Virtuous reward mechanisms are required for a healthy business. Vicious reward mechanisms like the above guarantee that the long term will always be sacrificed for the short term. It doesn't matter how much you talk about the importance of quality, without encouragement the behaviour won't happen. So if you're really serious about quality you will create a reward mechanism for it.
For software we have a fairly good idea of what this looks like thanks to the research of Nicole Forsgren and Jez Humble in their amazing book "Accelerate".
Quality in software is directly correlated to speed. If you want quality then you reward teams that than can go from idea to execution the fastest, accelerating over time, delivering value. Put control of how that happens in the hands of those executing and reward them for acceleration. Reward them as a group.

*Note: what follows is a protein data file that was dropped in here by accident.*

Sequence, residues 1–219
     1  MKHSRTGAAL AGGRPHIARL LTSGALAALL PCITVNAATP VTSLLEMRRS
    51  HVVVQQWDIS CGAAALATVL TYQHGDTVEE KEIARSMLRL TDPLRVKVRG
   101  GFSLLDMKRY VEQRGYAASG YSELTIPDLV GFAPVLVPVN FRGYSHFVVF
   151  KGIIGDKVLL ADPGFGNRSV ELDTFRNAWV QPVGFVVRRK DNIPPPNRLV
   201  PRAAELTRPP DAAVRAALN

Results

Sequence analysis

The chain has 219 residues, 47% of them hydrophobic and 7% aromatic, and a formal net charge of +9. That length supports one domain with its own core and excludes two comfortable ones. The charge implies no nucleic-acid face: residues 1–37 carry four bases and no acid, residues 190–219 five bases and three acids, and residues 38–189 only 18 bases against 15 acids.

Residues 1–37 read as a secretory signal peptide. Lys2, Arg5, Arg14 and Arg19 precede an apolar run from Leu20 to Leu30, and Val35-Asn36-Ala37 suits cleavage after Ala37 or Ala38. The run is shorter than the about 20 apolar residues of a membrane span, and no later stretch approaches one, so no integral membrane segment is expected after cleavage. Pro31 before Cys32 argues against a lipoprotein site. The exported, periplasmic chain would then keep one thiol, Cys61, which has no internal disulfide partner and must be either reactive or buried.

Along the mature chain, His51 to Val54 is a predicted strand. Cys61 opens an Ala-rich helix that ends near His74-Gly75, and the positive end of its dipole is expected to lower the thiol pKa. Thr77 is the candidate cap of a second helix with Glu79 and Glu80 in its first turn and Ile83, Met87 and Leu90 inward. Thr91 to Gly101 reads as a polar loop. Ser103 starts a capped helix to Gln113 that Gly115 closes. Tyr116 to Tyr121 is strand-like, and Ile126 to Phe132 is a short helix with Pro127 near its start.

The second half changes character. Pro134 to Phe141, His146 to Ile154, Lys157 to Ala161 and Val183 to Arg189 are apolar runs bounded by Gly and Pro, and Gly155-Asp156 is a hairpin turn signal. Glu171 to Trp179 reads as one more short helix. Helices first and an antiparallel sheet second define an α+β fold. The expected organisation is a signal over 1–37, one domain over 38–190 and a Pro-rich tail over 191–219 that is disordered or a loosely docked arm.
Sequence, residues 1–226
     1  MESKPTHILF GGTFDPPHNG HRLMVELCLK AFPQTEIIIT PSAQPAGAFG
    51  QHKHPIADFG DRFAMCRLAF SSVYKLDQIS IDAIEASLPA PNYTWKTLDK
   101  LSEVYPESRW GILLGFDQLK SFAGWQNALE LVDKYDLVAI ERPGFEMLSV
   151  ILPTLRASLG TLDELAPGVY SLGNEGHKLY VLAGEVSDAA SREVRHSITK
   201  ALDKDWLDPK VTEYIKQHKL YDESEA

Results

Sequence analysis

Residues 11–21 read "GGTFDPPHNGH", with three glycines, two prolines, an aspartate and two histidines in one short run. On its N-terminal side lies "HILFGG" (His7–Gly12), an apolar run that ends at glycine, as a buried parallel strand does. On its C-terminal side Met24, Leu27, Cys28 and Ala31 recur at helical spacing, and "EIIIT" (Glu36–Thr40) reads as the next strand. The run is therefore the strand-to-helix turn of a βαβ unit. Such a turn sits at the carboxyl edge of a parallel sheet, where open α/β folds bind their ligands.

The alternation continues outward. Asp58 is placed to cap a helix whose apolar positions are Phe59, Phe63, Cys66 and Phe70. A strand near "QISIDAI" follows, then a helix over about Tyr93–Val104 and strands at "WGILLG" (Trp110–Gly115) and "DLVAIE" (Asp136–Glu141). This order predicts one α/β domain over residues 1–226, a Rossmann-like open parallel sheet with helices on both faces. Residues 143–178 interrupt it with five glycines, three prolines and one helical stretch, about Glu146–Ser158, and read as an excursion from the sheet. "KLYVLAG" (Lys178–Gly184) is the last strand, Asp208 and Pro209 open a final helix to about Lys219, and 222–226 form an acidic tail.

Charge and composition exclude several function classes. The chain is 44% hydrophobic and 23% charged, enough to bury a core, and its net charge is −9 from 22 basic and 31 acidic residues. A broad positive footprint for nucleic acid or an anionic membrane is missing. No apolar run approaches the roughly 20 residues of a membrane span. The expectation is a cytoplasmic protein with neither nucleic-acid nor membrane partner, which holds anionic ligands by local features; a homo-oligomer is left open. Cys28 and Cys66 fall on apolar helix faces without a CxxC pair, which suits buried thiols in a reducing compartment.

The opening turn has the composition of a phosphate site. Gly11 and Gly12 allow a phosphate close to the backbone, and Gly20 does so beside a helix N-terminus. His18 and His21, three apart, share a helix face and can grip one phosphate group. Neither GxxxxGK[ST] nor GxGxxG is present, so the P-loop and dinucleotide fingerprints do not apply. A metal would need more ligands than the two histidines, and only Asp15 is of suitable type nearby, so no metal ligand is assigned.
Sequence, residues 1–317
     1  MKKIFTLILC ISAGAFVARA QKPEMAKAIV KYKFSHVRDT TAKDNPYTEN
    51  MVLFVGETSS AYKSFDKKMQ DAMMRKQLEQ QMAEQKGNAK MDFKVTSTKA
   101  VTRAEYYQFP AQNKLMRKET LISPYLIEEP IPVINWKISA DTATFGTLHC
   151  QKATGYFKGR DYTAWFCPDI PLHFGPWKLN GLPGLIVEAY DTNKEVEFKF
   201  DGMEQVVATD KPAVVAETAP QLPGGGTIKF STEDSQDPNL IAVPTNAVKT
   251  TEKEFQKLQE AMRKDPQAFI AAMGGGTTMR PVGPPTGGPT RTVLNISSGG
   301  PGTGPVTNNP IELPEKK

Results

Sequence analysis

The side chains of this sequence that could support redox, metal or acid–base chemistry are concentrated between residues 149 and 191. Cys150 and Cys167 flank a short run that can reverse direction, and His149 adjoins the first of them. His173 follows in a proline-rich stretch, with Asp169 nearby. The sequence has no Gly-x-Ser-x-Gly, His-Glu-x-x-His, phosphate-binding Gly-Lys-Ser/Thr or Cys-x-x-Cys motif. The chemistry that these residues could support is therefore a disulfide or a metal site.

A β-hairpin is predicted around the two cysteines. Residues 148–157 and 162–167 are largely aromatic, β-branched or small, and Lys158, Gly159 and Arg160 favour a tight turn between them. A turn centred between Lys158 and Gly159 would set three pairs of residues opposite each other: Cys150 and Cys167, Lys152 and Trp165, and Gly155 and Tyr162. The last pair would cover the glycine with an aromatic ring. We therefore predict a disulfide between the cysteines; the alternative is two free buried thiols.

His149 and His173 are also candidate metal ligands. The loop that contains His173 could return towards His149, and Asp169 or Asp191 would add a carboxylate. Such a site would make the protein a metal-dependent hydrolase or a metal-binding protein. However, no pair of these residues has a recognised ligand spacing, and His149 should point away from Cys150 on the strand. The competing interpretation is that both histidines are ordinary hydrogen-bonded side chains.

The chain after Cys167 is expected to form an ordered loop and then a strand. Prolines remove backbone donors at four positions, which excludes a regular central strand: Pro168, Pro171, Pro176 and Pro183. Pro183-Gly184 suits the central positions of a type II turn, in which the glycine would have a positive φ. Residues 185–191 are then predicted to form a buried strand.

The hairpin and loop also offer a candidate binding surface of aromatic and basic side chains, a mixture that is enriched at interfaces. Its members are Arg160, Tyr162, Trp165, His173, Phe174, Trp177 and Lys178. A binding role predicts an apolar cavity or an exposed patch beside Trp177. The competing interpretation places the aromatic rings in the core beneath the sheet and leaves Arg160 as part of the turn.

This reward encourages agility as the team will actively:
- Remove unused features (they slow down dev)
- Improve their development processes (fewer bugs)
- Improve their release processes (faster bug fixes)
- Refactor the system over time (faster development)
- Align product with the code (easier communication)
- Migrate to the latest dependencies, security updates and infrastructure (easier to hire devs)
The cost of change in this system will always be low, it is optimised to adapt to the market. With this reward mechanism you are actively saying that you reward long term agility. You're aligning your words (quality is important) and your actions (so we reward quality).
Spotting reward mechanism triggered feedback loops
What about you, have you noticed any negative reward mechanisms at your job? What behaviours are they incentivising? What new rewards could you introduce to change behaviour? Reward mechanisms are powerful, and like anything powerful they should be used wisely. My hope is that we can use rewards mechanisms to build healthier companies, for the customers, the employees and the owners.
Worst case scenario, you'll have something interesting to discuss at work. ;)